1988 Video Privacy Protection Act rises up and bites Hulu

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Source: Hulu

Way back in 2012 I wrote a post about why (at the time) you couldn't link your Netflix account to your Facebook account if you were in the US. It was due to a 1988 law, the Video Privacy Protection Act [VPPA], which prevented a company from sharing your video rental history.

The law was originally drafted in response to Supreme Court nominee Robert Bork’s video rental records were published in a news publication. From Wikipedia:

During debate over his nomination, Bork's video rental history was leaked to the press. His video rental history was unremarkable, and included such harmless titles as A Day at the Races, Ruthless People, and The Man Who Knew Too Much. Writer Michael Dolan, who obtained a copy of the hand-written list of rentals, wrote about it for the Washington City Paper. Dolan justified accessing the list on the ground that Bork himself had stated that Americans only had such privacy rights as afforded them by direct legislation. The incident led to the enactment of the 1988 Video Privacy Protection Act.

As originally written, a company such as Netflix couldn't even share your rental history with your approval. When I was writing about it back in 2012 it was being amended so that a consumer could 'opt-in' to sharing his or her history on social media (or elsewhere).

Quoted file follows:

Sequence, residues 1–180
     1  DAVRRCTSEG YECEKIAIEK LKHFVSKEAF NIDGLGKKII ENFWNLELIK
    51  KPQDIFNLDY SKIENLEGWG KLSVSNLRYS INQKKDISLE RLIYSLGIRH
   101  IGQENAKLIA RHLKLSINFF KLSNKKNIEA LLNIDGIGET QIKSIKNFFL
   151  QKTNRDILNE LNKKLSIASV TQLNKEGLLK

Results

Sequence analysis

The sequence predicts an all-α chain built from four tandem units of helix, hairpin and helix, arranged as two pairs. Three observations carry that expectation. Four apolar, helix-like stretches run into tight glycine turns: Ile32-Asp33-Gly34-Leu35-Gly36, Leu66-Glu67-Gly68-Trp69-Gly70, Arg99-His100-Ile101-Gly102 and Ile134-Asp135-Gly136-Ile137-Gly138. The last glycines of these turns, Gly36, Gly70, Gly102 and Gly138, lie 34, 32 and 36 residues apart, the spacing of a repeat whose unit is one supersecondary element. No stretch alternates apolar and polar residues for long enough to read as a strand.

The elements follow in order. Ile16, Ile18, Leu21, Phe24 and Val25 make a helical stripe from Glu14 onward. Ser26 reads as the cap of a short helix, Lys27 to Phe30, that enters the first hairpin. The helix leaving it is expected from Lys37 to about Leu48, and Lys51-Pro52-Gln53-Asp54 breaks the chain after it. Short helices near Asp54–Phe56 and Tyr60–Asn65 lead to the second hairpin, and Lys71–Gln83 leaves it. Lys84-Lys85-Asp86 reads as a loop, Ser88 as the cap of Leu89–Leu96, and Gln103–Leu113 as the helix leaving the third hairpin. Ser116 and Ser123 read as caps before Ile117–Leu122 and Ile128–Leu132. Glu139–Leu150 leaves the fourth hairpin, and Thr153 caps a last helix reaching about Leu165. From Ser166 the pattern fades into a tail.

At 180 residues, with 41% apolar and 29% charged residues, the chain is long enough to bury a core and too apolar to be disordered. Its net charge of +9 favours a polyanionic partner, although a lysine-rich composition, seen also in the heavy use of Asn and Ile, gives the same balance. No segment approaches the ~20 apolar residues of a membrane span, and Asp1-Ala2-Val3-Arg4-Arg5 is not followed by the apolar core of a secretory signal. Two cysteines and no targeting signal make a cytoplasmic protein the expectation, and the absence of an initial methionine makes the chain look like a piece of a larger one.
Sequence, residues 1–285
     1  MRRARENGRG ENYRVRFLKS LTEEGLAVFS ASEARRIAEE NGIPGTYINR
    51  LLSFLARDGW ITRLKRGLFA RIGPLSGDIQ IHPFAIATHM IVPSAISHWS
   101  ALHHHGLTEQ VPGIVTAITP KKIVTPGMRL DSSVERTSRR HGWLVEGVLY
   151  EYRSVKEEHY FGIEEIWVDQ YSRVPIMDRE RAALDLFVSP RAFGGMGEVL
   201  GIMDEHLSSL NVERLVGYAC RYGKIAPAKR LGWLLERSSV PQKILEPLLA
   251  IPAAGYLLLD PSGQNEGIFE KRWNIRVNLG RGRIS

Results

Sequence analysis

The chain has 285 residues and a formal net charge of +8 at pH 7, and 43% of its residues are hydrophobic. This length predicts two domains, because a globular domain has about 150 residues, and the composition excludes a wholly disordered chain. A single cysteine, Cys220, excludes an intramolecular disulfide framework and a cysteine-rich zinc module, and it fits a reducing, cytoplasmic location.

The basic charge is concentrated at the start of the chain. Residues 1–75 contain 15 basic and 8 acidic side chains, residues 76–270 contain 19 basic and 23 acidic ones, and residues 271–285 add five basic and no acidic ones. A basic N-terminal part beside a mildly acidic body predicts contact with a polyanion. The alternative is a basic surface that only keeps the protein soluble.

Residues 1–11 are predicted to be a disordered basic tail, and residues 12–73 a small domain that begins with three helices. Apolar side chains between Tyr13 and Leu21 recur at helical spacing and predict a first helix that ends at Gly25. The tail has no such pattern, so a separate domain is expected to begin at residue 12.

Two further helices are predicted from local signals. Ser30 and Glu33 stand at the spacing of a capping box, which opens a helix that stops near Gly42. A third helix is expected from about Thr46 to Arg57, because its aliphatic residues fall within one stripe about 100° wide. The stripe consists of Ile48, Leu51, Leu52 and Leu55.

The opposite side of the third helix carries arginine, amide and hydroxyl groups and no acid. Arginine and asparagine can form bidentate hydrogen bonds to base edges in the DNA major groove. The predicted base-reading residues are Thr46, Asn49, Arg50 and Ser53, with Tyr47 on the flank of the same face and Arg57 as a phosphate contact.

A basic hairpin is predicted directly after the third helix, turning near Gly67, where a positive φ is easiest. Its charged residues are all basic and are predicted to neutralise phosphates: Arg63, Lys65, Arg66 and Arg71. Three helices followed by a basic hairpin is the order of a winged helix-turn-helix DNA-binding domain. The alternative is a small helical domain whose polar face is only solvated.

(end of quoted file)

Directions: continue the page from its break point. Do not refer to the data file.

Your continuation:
Now the VPPA is back and this time Hulu is in the line of fire. According to an article on GigaOm the company is being sued for violation of the VPPA by way of a Facebook "Like" button on its pages.

Seems odd doesn't it? If you click a Like button it seems to me you're opting-in to share your info, but U.S. Magistrate Judge Laurel Beeler disagrees with me. If I'm reading this correctly (disclaimer: I am not a lawyer) it all boils down to the fact that when you clicked that Like button it set a cookie that included the URL to your "Watch" page and the name of the video you were watching. (A "Watch" page seems to be any page on Hulu where a video plays.) That seems obvious, doesn't it? If I click the Like button on the page of a show or movie I'm saying I like that content; would you expect that info to be transmitted? I have to confess I'm confused by the case and by what the problem is with the way this all works.

Hulu tried to get this case dismissed last December, and now their request for summary judgement has been declined, meaning the case is set to go to trial, though GigaOm suggests the company will probably appeal or settle.

Am I the only one who gets steamed up about cases like this? The plaintiffs went to Hulu, decided to click a button that would tell their Facebook friends that they Liked a video, and now they're suing because, essentially, the button did exactly what they expected it to do.

If you're in favor of the plaintiffs and think Hulu should be made to pay for their transgressions (or even if you're seeing a nuance in the case that I'm overlooking), I'd love to hear your thoughts in the comments below. I openly admit a pro-Hulu bias in this particular instance; it seems like a bum deal to me.

Read more of Peter Smith's TechnoFile blog and follow the latest IT news at ITworld. Follow Peter on Twitter at @pasmith. For the latest IT news, analysis and how-tos, follow ITworld on Twitter and Facebook.

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